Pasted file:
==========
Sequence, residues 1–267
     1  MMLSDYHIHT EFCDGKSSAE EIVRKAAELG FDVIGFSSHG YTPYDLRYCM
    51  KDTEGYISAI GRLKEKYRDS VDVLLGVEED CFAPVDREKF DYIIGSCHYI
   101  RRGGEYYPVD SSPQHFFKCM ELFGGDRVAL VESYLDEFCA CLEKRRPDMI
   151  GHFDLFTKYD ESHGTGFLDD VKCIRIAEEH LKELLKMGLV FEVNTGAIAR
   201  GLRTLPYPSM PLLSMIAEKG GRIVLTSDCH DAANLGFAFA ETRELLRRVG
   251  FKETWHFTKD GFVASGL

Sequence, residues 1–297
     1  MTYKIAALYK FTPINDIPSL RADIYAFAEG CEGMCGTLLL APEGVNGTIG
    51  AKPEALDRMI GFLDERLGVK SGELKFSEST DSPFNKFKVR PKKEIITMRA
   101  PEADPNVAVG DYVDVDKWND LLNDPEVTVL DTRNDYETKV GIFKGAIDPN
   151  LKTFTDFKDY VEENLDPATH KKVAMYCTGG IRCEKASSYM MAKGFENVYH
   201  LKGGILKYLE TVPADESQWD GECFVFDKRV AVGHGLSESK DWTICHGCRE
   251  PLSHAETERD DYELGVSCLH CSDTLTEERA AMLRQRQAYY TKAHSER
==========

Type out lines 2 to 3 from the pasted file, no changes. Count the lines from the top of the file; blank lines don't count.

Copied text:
     1  MMLSDYHIHT EFCDGKSSAE EIVRKAAELG FDVIGFSSHG YTPYDLRYCM
    51  KDTEGYISAI GRLKEKYRDS VDVLLGVEED CFAPVDREKF DYIIGSCHYI